Interview with stained glass restorer Emma Groult

Interview with stained glass restorer Emma Groult

This interview is part of a series of interviews with European craftspeople conducted in collaboration between FRH, the European network for Religious Heritage, and Mad’in Europe, the network of European fine and traditional crafts and Cultural Heritage restoration professions.

A glass from the 16th century depicting a virgin under observation by Emma Groult. © Mad’in Europe.

Emma Groult is a stained glass conservator-restorer of heritage stained glass windows. She works mostly on glass heritage from buildings classified as Historic Monuments and Museums of France. She is currently part of the team working on the restoration of the stained glass in Notre Dame de Paris after the damage suffered as a consequence of the fire in 2018. Read on to learn more about her work, the challenges she faces as a professional and her views on how to support professionals in her sector.

1. Please introduce yourself (profession, area of expertise and years of experience).

I am a state-approved stained-glass conservator-restorer and I work mainly with Historic Monuments and Museums. I have been working in this field for nearly 10 years.

2. What clients/markets do you work with (are they local, national or international)? Which needs does your work generally tackle? Which are the required skills and certifications that your customers request?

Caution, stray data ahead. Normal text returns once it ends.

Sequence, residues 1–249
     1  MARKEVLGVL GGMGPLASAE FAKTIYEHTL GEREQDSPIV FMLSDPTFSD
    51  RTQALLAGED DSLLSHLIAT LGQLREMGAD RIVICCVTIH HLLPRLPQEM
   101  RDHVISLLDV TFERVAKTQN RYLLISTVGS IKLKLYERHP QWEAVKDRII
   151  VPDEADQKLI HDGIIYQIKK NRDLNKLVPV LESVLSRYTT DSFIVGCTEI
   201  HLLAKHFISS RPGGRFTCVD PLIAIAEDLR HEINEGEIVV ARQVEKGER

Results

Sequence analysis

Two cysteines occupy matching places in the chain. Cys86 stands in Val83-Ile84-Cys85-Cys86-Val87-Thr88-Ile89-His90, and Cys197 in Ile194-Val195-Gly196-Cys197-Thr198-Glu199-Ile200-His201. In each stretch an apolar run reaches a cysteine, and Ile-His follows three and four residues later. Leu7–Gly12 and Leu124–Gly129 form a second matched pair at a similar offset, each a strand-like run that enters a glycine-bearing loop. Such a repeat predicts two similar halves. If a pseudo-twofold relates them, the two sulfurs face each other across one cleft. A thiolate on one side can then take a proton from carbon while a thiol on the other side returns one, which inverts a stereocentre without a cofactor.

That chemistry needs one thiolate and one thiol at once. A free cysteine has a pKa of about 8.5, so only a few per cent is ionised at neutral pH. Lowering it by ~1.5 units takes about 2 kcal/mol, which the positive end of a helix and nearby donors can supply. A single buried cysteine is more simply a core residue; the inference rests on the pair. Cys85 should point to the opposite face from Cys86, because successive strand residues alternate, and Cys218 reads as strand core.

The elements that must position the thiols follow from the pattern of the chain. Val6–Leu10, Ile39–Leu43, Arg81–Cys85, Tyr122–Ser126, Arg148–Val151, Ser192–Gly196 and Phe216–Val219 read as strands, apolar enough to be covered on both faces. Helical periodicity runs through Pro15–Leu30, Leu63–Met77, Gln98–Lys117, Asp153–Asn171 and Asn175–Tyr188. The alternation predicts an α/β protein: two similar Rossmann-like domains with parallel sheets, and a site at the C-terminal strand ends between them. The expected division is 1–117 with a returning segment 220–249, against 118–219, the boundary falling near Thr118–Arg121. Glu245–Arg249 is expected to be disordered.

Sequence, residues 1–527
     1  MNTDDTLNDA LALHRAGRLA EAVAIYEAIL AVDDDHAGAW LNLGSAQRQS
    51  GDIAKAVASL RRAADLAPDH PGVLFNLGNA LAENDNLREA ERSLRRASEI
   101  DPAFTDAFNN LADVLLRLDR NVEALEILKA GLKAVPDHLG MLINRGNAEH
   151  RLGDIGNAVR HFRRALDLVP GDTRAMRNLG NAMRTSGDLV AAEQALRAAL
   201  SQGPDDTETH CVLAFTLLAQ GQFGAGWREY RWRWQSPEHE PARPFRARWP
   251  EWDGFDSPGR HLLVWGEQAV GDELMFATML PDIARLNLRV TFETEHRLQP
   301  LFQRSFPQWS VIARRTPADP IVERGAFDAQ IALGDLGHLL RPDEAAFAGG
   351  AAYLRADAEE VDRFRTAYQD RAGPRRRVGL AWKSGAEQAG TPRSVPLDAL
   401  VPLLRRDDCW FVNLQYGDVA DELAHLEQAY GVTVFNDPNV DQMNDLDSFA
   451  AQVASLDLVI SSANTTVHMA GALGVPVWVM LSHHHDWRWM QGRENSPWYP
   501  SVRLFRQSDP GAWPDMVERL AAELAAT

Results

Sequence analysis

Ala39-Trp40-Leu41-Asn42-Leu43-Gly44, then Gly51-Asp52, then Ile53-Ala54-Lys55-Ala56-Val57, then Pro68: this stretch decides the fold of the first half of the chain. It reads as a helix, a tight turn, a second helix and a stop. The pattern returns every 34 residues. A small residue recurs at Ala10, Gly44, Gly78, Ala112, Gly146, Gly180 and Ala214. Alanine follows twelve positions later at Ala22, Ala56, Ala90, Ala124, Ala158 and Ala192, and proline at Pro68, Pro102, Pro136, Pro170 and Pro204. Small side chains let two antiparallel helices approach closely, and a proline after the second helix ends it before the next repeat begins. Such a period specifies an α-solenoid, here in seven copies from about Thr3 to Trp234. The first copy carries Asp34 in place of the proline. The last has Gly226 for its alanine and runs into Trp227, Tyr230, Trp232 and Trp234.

Our clients are mainly the State and the local communities. We also have private owners of stained-glass windows in historic houses or even condominium associations for stairwells of buildings. Our skills and know-how focus on the issues of conservation-restoration by applying the principles governing the deontology of our profession and our commitment such as those mentioned in the ECCO (European Confederation of Conservator-Restorers Organisations).

A stained glass window of Chartres being restored. © Mad’in Europe.

3. Please briefly explain how your profession is related to religious heritage and/or cultural heritage.

We take part in religious and cultural institutions for their preservation and transmission to the future generations. I am currently working on Notre-Dame in Paris in collaboration with the city, and also work as advisor on  the methodology for the maintenance of Parisian religious buildings. With my team we just finished putting back the stained glass windows of Cathedral Notre-Dame de Chartres, after their restoration. In 2021, we restored the stained-glass windows of the rose of Soissons’s Cathedral that fell during a storm.

I can’t really detail the intervention in Notre Dame de Paris, because it is submitted to preliminary authorization, but regarding Chartres, we dealt with altered stained glass windows from the 13th century which presented particularly adherent deposits on the surface. The cleaning was the most complex task to carry out.

4. Please describe the main steps of your usual working process and the materials that you use most.

First, we draw up the general state of the work, we adapt a protocol to the observations and future conditions of conservation of the stained-glass windows. The stained glasses are then cleaned. After that, we restore the glass fractures by gluing, and the lead nets. At the end, we go on site to place back the stained glasses and hand out the full restoration report.

5. Do you regularly cooperate with craft professionals from other fields? If yes, can you explain which ones and why?

Yes, indeed, we often work with locksmiths, woodworkers and stone carvers who produce the structural elements framing the stained glasses.